Go to http://en.conn.internet.nl/connection for an Extended DNSSEC Test. Click on the Detailed Report.

CHECK All internet destinations reachable (IPv6)
CHECK Protected from redirection to false IP addresses (DNSSEC)

All internet destinations reachable (IPv6)

Congratulations; your internet provider has given you a moderen IPv6 address in addition to your IPv4 address. That allows you to reach all internet destinations, including those that have only IPv6 addresses.

I saw 100% compliance with dnssec.

Go to http://test-ipv6.com to test your IPV6 Compliance.

Test your IPv6 connectivity. This will do a series of tests and let you know if it passed.

Your readiness score
10/10 for your IPv6 stability and readiness, when publishers are forced to go IPv6 only

What is a DNS leak and why should I care?

When using an anonymity or privacy service, it is extremely important that all traffic originating from your computer is routed through the anonymity network. If any traffic leaks outside of the secure connection to the network, any adversary monitoring your traffic will be able to log your activity.

DNS or the domain name system is used to translate domain names such as www.privacyinternational.org into numerical IP addresses e.g. 123.123.123.123 which are required to route packets of data on the Internet. Whenever your computer needs to contact a server on the Internet, such as when you enter a URL into your browser, your computer contacts a DNS server and requests the IP address. Most Internet service providers assign their customers a DNS server which they control and use for logging and recording your Internet activities.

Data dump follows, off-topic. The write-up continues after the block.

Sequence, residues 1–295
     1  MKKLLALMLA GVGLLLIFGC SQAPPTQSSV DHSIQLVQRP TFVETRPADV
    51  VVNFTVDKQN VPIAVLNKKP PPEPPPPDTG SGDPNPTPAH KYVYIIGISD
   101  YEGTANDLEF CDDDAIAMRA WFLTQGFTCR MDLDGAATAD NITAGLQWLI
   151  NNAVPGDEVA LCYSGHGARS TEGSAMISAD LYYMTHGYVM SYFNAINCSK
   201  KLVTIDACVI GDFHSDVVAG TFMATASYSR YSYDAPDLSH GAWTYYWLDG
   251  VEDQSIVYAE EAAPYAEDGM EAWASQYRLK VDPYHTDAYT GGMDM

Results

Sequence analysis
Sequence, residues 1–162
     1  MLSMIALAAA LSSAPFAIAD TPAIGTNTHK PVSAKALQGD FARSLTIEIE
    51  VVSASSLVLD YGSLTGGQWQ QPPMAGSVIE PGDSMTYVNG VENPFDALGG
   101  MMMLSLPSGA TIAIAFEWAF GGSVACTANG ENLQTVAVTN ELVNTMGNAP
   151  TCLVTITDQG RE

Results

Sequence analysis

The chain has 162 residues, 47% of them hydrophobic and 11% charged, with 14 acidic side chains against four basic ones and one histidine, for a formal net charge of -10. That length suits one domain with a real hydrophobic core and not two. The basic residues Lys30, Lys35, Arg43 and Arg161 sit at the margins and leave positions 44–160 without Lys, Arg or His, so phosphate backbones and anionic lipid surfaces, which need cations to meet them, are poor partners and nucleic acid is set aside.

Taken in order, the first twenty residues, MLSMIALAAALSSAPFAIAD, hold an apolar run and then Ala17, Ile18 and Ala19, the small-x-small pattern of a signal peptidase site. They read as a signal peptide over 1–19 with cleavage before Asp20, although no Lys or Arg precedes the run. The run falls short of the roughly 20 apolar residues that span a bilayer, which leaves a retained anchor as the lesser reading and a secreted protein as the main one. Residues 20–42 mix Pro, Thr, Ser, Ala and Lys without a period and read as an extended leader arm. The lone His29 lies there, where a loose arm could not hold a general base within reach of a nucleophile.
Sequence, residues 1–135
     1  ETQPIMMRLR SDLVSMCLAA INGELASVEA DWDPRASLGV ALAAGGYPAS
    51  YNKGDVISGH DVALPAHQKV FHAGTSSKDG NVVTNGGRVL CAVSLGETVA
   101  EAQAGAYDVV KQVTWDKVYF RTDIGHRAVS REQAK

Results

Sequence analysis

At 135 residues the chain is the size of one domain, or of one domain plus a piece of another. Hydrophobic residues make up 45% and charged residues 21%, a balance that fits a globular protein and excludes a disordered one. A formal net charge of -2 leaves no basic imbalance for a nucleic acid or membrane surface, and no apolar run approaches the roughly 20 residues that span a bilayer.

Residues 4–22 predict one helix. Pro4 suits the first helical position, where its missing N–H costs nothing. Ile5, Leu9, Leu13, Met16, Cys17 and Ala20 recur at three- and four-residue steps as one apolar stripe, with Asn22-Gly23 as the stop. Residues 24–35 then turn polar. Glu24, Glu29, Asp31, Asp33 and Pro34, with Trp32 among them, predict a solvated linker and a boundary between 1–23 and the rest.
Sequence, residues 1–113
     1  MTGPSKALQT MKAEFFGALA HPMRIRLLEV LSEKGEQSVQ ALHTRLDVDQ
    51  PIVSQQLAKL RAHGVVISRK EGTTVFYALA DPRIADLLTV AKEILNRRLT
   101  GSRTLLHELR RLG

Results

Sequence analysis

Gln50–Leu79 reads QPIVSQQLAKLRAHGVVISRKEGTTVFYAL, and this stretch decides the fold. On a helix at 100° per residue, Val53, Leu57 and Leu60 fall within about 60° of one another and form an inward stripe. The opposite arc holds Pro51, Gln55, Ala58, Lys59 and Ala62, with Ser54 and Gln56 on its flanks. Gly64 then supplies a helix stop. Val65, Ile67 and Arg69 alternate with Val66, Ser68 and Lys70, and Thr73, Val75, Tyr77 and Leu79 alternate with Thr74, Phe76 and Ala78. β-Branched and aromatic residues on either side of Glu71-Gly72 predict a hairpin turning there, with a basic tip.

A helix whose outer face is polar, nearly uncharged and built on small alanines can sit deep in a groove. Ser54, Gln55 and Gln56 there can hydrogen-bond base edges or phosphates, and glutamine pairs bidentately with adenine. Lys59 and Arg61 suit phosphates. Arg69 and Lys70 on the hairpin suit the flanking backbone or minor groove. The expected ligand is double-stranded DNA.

Under certain conditions, even when connected to the anonymity network, the operating system will continue to use its default DNS servers instead of the anonymous DNS servers assigned to your computer by the anonymity network. DNS leaks are a major privacy threat since the anonymity network may be providing a false sense of security while private data is leaking.

Go to DNSLeak to make sure that the only resolvers that are being used are the ones listed in your dnscrypt-proxy configuration file. I have three servers listed there.

Country Name Provider
Netherlands dnscrypt.eu-nl-ipv6 2.dnscrypt-cert.resolver2.dnscrypt.eu
Denmark dnscrypt.eu-dk-ipv6 2.dnscrypt-cert.resolver1.dnscrypt.eu
Poland soltysiak-ipv6 2.dnscrypt-cert.soltysiak.com

Go to https://www.dnsleaktest.com to check for dns leaks. Click on Standard Test.

Query round Progress... Servers found
1 ...... 2